The International Olympics Committee still divided over virtual sports and competitive gaming

Written By Andrew Boggs on February 23, 2021

The International Olympic Committee (IOC) executive board has produced their “2020+5” agenda. This agenda details their list of recommendations for the organization’s continued efforts to evolve alongside an ever-changing, increasingly digital global culture.

One of these efforts will be very impactful for anyone interested in virtual sports betting or esports betting. The International Olympic Committee has made the rather confusing recommendation:

“encourage the development of virtual sport and further engage with video gaming communities.”

Virtual sports at the Olympics

Now, if you are a regular bettor and know a decent amount of betting lingo, the difference between virtual sports and video games is quite apparent. Virtual sports betting is not esports, you bet on the outcome of simulated sports events. Esports betting is much like standard sports betting, you have many of the same options and bet out the outcome of a real, non-simulated event. For anyone planning to bet on esports at the Olympics, this could be a stumbling block.

This also highlights the old-fashioned thinking of the IOC. They have made it clear time and time again that their focus is not on the most popular esports, titles like DOTA 2, League of Legends, and CS:GO. Instead, they are interested in video games that “simulate” real-life sporting events. Games like Madden and FIFA, esports with relatively low viewerships compared to traditional esports, will be given the spotlight. More people bet on virtual football than they do on games like FIFA or Madden.

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The difference between virtual sports and competitive gaming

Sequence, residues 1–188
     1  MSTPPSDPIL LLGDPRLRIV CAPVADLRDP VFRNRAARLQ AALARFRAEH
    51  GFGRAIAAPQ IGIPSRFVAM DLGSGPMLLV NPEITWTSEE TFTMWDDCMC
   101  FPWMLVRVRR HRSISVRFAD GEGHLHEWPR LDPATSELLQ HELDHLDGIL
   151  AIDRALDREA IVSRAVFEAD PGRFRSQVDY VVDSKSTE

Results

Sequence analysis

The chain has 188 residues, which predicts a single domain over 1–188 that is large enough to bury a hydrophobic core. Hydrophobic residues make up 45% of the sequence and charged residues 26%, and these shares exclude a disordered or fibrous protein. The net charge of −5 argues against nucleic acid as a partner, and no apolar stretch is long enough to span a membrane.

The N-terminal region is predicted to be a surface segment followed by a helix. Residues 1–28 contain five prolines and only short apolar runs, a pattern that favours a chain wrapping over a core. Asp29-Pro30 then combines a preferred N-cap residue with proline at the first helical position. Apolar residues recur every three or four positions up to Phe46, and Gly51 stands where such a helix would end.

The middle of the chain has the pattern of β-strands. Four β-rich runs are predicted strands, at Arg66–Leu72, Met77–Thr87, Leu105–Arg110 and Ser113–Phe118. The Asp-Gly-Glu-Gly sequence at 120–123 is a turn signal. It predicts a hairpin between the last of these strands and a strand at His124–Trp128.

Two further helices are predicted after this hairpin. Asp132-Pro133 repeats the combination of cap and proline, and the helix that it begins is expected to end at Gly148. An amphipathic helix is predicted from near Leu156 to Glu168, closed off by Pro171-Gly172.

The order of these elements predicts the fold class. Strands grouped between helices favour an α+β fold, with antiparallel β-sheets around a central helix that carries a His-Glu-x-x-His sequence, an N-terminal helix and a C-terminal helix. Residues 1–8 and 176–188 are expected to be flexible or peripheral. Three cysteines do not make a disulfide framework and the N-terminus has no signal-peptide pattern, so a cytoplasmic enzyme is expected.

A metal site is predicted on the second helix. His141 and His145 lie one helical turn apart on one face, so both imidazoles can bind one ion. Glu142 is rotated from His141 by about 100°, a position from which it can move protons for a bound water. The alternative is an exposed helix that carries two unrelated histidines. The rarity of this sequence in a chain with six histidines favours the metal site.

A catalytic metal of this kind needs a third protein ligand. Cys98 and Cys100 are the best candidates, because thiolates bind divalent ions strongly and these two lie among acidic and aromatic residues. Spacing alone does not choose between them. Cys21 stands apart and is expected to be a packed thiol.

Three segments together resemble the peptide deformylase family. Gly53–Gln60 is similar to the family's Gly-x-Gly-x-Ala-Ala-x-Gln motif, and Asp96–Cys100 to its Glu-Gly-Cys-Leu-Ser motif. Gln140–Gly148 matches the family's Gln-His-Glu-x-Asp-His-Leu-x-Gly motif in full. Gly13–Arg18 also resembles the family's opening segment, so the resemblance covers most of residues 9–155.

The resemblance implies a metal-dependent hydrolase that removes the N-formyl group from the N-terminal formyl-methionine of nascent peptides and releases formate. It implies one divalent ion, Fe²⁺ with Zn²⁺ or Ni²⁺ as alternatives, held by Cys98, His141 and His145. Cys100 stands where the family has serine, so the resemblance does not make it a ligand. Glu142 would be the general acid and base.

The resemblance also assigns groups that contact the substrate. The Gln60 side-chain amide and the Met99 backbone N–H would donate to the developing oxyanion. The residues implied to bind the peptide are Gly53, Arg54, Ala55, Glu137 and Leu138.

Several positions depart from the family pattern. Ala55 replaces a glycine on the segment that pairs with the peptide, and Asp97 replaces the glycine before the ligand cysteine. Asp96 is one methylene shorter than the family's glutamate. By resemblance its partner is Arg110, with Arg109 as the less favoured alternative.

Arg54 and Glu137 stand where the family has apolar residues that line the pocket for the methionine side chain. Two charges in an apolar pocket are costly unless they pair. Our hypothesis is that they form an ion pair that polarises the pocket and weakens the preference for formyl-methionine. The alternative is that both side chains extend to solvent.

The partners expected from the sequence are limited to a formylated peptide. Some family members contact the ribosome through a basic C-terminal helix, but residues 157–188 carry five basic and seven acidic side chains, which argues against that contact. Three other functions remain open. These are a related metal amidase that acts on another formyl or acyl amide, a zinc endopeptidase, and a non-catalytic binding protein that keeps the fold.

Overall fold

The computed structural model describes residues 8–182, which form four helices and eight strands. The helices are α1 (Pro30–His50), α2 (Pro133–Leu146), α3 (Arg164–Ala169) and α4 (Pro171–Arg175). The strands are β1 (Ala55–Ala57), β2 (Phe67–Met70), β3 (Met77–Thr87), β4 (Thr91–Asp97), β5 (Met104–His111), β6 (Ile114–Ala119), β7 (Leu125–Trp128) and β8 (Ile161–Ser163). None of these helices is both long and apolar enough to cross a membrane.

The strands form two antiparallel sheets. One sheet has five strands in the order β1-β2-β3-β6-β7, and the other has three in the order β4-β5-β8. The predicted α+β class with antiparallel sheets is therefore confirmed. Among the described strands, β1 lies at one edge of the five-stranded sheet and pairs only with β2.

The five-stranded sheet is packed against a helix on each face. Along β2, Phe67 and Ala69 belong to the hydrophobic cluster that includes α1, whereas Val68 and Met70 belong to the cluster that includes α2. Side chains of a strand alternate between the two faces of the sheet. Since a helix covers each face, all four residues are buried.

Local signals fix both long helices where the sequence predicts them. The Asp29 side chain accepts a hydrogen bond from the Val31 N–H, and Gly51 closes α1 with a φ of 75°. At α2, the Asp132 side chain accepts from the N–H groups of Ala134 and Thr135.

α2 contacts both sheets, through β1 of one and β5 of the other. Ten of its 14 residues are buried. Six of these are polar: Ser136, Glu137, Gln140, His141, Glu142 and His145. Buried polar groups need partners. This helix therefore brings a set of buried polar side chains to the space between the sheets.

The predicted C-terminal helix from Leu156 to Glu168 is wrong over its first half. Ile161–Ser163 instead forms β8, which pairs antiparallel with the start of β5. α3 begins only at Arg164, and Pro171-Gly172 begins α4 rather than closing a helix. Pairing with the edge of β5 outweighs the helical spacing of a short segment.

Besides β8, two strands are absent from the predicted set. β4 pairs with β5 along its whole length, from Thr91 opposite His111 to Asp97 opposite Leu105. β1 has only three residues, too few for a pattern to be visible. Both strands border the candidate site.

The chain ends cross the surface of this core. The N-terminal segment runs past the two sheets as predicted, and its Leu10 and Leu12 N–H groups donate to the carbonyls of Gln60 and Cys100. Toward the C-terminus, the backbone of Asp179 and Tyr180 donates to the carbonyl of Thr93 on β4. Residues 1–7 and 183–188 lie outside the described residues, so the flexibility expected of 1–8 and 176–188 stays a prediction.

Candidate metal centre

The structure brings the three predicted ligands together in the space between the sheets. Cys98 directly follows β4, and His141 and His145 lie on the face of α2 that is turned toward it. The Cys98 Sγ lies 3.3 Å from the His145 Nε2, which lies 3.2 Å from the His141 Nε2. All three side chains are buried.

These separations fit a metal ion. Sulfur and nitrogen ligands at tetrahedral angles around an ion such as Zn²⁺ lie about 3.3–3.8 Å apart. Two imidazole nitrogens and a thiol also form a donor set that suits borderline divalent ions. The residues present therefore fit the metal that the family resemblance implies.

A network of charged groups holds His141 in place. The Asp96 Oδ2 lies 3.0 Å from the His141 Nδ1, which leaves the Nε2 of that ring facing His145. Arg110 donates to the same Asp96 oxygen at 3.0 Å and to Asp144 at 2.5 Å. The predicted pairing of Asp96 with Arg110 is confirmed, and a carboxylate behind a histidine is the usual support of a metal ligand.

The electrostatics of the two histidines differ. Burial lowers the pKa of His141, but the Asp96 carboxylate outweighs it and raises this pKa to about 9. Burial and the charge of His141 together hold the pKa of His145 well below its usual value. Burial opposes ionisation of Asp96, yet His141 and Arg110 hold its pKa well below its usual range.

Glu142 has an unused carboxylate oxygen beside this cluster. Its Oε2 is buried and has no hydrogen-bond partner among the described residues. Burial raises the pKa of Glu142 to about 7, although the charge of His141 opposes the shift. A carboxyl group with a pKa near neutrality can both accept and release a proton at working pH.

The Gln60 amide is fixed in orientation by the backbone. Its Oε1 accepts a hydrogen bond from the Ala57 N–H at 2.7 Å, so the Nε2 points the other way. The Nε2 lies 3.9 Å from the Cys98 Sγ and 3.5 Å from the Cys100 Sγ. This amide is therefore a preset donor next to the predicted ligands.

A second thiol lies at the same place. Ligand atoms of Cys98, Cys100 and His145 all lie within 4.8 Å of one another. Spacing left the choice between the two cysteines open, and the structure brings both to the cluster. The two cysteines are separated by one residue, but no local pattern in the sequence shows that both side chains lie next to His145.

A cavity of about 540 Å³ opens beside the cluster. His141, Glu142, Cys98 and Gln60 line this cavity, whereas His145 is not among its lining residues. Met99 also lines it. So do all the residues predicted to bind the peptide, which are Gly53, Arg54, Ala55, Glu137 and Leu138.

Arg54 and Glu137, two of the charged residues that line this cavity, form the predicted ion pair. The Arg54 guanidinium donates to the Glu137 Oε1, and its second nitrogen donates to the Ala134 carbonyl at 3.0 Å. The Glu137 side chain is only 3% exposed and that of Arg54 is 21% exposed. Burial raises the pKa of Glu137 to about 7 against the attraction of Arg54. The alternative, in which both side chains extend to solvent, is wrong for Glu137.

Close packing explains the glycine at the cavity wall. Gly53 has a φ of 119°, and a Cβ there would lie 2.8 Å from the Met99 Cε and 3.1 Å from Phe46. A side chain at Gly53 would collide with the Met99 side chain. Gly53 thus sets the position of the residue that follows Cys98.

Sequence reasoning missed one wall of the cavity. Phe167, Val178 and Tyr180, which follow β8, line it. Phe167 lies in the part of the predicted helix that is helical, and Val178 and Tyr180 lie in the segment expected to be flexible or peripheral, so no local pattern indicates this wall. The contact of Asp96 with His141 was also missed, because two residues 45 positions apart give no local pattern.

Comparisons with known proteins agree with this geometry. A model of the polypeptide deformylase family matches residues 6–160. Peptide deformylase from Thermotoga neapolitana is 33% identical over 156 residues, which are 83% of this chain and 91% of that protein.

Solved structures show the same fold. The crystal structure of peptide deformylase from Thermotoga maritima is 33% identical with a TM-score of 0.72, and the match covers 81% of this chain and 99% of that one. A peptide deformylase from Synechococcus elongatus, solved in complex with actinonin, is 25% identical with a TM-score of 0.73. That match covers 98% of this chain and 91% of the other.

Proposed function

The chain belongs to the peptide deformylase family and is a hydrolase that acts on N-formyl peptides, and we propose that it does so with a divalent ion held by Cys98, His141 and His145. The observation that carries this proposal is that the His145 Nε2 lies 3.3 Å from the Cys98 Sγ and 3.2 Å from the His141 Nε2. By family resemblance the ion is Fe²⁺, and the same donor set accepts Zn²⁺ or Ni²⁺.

They even made the distinction between virtual sports and competitive gaming. In my opinion, this is very short-sighted, when it comes to the skills needed for nearly all esports titles there isn’t that much of a difference. That isn’t to say that a professional FPS player could immediately turn around and dominate in a MOBA, but every game requires quick thinking, excellent motor skills, and twitch movement.  Who cares if there are elves and dragons on the screen instead of lifelike recreations of famous football players?

Attempting to grow

By creating this divide, they are shooting themselves in the foot. They are sticking with established sports and refusing to grow as an organisation. Despite these major shortcomings, they have gone some way to bridge the gap between traditional sports and gaming communities. The IOC is planning to support regional partnerships between sporting and video gaming communities to encourage young people to engage in physical activity with the Olympic Movement. They also plan to make available Olympic athlete-related online programmes and digital tools to the competitive video gaming community to support their physical and mental wellbeing.

Why they should accept esports

Despite these small steps in the right direction, the IOC still has a long way to go before they start to achieve parity with the rest of the world. When it comes to expanding their preconceived notions about what is and isn’t “sports” they seem to lag behind everyone else. I’m sure that the first few attempts to bring esports into the Olympics would not be the best but it would go a long way to proving that they can move with the times.

I’m sure that betting operators would be happy too. If esports became an Olympic event, there would be far more reason to offer odds on them. They offer odds on Olympic events, and the Olympics is a big time for betting, could you imagine what that sort of worldwide recognition could do for the growing esports industry?

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Andrew Boggs

Andrew is a Northern Ireland based journalist with a background in esports and VR reporting. He grew up in County Down, Northern Ireland, and graduated from Ulster University with a Masters's degree in Journalism.

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